The county's first angel investor group is halfway through its mission in one sense, or two-thirds in another. It has a dozen startup business investments under its belt and leadership is looking ahead to the endgame — and a new beginning.

But don't count out Kern Venture Group just yet. It may even be picking up a little boost from the pandemic.

Co-founder and co-managing partner John-Paul "JP" Lake said Thursday the rate at which he receives pitch decks, the digital slideshows entrepreneurs send out in search of equity investments, started slowing down three to four months ago. This may have been because of the pandemic but Lake noted it's hard to say for sure.

In about the last two months, though, "it's actually really started picking up again," he said. Now he's hopeful Bakersfield-based KVG will place another investment or two by the end of the year — a good sign to him.

"There could be a lot of pent-up demand for capital," he said.

Meeting that need is what KVG is all about. It raised $2.15 million from local individuals with a plan to choose a series of worthy recipients over a course of three years ending in December 2021. Lake said more than half of that sum has now been allocated.

After that KVG hopes to cultivate its investments until the seventh year. By then, Lake said, the idea is that investors behind the group will have received a healthy financial return because some of the startups will have been acquired or become publicly traded companies.

That would in some respects be the end of KVG, except there are discussions now about how to put together a second locally based angel investor group. Lake declined to speak publicly about those talks.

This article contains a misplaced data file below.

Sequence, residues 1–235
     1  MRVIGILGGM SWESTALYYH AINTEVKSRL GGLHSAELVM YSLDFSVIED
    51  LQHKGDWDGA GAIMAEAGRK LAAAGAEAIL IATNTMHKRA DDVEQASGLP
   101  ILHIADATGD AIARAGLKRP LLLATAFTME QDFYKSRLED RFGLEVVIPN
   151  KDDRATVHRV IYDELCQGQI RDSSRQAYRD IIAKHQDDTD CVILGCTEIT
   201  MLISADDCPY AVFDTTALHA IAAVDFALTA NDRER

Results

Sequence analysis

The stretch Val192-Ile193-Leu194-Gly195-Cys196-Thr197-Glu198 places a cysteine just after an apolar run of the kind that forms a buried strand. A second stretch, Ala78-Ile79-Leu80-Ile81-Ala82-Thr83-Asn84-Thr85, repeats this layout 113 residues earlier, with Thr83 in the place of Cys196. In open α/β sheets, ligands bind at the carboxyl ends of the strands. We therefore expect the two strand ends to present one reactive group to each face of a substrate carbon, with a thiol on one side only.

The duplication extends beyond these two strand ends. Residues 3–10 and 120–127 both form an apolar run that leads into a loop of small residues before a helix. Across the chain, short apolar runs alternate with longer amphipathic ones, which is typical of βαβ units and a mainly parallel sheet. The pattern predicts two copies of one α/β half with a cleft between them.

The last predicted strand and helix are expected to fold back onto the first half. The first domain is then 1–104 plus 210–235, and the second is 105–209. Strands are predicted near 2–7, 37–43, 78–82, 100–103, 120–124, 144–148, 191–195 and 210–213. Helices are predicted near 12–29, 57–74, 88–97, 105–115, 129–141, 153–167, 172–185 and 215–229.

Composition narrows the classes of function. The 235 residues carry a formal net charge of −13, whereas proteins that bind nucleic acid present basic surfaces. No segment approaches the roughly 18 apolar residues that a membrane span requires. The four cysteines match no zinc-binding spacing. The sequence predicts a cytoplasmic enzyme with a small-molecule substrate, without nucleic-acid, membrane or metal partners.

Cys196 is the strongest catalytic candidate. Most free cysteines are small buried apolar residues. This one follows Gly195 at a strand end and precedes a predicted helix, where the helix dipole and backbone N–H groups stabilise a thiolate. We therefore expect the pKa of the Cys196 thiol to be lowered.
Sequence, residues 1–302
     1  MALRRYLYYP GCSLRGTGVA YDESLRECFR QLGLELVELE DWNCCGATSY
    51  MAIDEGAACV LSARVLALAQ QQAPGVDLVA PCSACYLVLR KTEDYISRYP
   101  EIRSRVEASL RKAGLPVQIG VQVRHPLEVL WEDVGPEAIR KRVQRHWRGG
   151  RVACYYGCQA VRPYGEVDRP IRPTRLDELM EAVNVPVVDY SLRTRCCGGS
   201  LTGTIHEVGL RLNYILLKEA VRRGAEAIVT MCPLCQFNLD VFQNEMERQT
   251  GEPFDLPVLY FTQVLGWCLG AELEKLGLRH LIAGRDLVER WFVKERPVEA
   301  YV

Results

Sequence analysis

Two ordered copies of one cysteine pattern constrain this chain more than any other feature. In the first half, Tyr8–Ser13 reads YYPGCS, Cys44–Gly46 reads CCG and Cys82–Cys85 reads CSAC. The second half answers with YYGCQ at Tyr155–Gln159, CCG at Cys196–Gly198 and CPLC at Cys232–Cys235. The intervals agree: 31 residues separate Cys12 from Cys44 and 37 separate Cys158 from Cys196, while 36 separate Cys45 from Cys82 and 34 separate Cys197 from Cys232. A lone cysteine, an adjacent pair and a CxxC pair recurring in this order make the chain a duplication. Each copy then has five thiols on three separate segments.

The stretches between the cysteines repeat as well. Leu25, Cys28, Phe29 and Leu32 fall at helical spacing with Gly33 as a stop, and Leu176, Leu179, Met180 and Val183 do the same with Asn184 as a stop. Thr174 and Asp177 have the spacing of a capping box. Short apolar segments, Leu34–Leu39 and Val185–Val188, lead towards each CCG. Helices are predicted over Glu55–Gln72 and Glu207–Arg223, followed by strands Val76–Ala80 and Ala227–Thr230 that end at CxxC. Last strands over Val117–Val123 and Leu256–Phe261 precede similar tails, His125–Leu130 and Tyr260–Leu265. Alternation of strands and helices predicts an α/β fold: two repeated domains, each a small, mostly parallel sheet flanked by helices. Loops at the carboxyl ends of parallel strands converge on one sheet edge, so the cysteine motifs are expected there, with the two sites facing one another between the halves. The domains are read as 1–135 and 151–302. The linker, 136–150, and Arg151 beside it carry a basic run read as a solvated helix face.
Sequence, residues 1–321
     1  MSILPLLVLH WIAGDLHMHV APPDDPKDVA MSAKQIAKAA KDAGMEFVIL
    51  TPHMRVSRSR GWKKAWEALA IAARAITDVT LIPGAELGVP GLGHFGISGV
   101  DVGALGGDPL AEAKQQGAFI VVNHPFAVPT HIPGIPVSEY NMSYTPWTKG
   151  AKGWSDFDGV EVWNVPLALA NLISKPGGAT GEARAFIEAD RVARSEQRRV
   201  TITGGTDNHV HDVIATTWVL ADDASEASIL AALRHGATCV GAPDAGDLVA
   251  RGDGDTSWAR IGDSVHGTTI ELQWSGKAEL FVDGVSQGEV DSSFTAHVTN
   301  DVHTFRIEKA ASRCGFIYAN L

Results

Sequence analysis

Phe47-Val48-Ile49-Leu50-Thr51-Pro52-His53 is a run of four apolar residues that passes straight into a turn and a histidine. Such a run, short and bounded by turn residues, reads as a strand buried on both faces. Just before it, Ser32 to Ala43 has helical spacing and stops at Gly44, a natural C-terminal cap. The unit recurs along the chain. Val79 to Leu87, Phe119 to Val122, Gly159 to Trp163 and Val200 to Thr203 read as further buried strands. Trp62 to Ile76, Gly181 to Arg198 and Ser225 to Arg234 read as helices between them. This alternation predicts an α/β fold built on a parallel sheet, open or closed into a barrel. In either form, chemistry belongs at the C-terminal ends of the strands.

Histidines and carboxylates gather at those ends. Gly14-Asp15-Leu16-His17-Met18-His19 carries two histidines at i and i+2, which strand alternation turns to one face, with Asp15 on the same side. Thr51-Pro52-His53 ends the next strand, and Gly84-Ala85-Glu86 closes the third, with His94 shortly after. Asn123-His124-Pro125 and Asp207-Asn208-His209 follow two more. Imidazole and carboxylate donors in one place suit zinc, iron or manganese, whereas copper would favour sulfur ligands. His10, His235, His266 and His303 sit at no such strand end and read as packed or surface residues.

He was optimistic about the group's remaining 13 to 14 months, noting KVG was pleased to see a big achievement by a Bakersfield-based company it invested in named Mill It.

The plant-based food startup founded by Bakersfield food chemist and scientist Bill Myers has secured shelf space in 100 Whole Foods Market stores along the East Coast, Lake said.

"That's a huge success for him," he said. "Early results are very, very promising and Whole Foods seems to be very pleased with the product."

One of KVG's investors, Bakersfield business consultant Sheryl Barbich, said she hasn't noticed a slowdown in pitch decks. She added that may be because the group's managing partners are the ones who see all funding applications as they come in.

"However," she said by email, "from the investor side, it seems like there are more than enough quality pitches being made."

"It is fascinating," she continued, "to see what creative, innovative people have come up with."

Follow John Cox on Twitter: @TheThirdGraf